Genital warts can be confused with fibroepithelial polyps, dermal papillae of the glans crown, molluscum contagiosum, seborrheic keratosis, melanocytic nevi, and genital psoriasis.
Let’s see what each of these structures consist of…
1. Fibroepithelial Polyps
These polyps are benign and infrequent tumors, associated with post-surgical healing processes or as a sequela from the prolonged use of urinary catheters to treat urinary incontinence.
Their appearance is quite similar to a penile cancer tumor and a genital wart, which is why a biopsy of the tissue is necessary for diagnosis.
2. Dermal Papillae of the Glans Crown
These are normal anatomical structures, small, less than 2 mm in diameter, flesh-colored, and do not represent any disease.
The dermal papillae of the glans or pearly penile papules are located at the base of the glans, although on rare occasions they can be distributed throughout the glans. They can be removed, but only for aesthetic purposes.
3. Molluscum Contagiosum
Molluscum contagiosum is an infectious skin disease caused by a virus. It is more common in children, but can also occur in adults with weakened immune systems.
It can be transmitted in healthy adults during sexual intercourse or by direct contact with the skin of the infected person.
They appear as round, skin-colored, painless, firm bumps of various sizes.
It is a benign disease, which cures without treatment within 6 months to 2 years. Only in severe cases is treatment indicated by the dermatologist.
4. Seborrheic Keratosis
These are benign skin tumors that look waxy, scaly, and slightly raised, brown, black, or light brown in color.
They are more frequently presented in older people in the chest region, but can appear anywhere on the body.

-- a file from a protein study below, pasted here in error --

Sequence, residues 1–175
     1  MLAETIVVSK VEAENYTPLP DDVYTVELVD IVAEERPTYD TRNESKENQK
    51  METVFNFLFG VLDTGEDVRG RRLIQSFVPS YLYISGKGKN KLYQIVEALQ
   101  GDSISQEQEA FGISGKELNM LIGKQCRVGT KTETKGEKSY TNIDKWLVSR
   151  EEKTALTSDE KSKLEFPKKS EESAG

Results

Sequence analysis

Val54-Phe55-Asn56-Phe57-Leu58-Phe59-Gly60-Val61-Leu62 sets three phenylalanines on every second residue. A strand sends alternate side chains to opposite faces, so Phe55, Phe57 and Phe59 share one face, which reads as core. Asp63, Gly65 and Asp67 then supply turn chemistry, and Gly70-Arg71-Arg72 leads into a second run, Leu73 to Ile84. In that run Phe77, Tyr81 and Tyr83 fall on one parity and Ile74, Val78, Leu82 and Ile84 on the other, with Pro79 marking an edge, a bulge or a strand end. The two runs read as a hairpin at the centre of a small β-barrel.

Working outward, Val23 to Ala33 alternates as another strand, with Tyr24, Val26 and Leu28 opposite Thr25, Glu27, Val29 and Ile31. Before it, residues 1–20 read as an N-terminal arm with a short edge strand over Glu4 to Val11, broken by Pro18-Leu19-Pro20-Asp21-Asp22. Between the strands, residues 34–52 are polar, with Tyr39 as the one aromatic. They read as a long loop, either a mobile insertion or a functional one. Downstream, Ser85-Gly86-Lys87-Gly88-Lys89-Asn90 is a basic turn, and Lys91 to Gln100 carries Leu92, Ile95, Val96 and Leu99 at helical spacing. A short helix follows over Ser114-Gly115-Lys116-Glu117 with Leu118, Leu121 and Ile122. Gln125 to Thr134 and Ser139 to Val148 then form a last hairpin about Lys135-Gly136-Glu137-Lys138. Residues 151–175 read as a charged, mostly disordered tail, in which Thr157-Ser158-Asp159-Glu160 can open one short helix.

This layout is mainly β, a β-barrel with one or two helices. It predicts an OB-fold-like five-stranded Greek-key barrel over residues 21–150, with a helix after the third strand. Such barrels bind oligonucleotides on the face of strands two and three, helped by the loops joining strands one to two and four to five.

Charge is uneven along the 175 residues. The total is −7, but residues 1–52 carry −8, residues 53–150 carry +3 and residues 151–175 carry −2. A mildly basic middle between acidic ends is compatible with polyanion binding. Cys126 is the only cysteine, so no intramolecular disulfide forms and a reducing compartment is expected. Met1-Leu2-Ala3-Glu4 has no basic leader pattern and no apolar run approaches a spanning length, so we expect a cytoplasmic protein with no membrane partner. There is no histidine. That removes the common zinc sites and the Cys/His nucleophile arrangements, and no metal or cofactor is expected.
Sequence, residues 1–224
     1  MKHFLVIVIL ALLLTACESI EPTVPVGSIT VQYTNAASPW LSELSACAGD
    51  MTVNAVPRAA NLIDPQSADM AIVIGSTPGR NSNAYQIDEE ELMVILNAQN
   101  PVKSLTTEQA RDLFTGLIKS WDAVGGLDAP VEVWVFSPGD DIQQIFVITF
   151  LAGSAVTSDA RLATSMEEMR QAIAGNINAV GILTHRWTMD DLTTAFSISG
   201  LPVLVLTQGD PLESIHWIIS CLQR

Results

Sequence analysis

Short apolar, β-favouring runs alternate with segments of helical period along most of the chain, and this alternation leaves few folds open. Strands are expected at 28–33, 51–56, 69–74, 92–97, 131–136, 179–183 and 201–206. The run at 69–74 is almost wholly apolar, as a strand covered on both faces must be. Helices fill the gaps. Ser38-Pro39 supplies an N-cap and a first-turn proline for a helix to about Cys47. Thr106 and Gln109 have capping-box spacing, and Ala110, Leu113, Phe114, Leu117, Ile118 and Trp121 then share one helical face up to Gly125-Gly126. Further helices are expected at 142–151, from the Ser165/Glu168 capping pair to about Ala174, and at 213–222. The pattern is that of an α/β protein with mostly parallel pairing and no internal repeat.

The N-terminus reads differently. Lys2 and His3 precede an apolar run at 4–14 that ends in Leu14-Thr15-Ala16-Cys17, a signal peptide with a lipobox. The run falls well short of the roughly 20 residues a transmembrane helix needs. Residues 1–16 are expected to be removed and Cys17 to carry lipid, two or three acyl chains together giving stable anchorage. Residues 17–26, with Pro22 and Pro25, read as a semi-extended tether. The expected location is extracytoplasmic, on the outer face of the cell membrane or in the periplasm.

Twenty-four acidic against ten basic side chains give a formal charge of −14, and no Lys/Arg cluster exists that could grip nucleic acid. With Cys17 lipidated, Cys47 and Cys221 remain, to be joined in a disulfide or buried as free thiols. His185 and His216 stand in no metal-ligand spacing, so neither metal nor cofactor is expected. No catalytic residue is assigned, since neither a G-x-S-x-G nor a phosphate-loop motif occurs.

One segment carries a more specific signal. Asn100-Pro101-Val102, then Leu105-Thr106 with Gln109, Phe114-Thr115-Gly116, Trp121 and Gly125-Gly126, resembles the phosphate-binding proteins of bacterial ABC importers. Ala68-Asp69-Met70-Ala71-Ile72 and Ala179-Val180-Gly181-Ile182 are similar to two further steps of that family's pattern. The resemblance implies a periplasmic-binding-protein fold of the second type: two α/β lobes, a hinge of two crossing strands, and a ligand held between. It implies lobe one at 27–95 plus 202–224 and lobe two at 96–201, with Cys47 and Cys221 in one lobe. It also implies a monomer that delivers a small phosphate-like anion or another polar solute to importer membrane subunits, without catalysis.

Their presence in the genital or anal region can be confused with genital warts.
5. Melanocytic Nevi
These are benign growths of melanocytes, the cells responsible for pigmentation of the skin. They are commonly known as moles, freckles, or nevi.
They can vary in shape, coloration, location, and size, which can lead to confusion with genital warts in some cases.
6. Genital Psoriasis
Psoriasis is an inflammatory disease that almost always manifests itself with erythematous papules and plaques, well-defined, covered by a silver-colored scaling.
There is a variation called inverse psoriasis or genital psoriasis, in which red, smooth, and dry-looking lesions develop in the folds of the genital region.
These lesions can produce itching in the area of the lesions and dry and irritated skin. It is an autoimmune disease and, therefore, is not contagious.
These were some tips to help you know how to deal with HPV. However, there is much more you need to do if you really want to get rid of HPV and warts forever.
What you need to do is GET RID OF THE ROOT of the problem.
For that reason, I recommend you to look into Dr. Kirkland's story and how he was able to cure HPV and get rid of warts for good.
I wish you great success in your recovery!
Medically reviewed by Dr. John Wellington. Dr. John Wellington is a board-certified physician specializing in urology. With over 15 years of experience, he is passionate about sharing his knowledge through a popular health blog. Dr. Wellington holds an MD from Ivy League University and is a member of prestigious medical associations.
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